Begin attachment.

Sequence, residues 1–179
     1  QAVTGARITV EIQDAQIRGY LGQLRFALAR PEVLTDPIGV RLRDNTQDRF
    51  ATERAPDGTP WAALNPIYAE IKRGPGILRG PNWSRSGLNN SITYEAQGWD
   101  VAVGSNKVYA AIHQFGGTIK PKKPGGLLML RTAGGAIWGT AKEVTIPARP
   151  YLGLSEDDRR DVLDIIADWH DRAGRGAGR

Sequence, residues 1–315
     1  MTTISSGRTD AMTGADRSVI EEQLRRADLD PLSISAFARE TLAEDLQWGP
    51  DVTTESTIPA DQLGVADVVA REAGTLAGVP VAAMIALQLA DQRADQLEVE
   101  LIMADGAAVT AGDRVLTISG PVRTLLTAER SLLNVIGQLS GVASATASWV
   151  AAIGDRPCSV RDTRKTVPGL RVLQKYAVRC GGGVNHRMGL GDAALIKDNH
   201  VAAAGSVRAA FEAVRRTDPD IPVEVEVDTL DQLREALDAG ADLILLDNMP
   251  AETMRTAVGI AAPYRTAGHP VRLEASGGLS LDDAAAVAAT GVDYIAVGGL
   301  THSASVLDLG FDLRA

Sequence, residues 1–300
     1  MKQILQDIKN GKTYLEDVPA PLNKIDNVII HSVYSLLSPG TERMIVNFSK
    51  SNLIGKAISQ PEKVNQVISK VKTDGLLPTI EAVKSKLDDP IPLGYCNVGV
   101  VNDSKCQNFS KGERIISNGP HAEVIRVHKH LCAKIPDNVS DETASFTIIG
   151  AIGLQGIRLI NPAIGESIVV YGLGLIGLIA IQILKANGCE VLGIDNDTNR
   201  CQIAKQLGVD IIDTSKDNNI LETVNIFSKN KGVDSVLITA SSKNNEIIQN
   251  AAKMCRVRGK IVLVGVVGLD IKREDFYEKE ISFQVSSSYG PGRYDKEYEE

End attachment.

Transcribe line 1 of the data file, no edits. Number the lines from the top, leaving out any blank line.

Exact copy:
Sequence, residues 1–179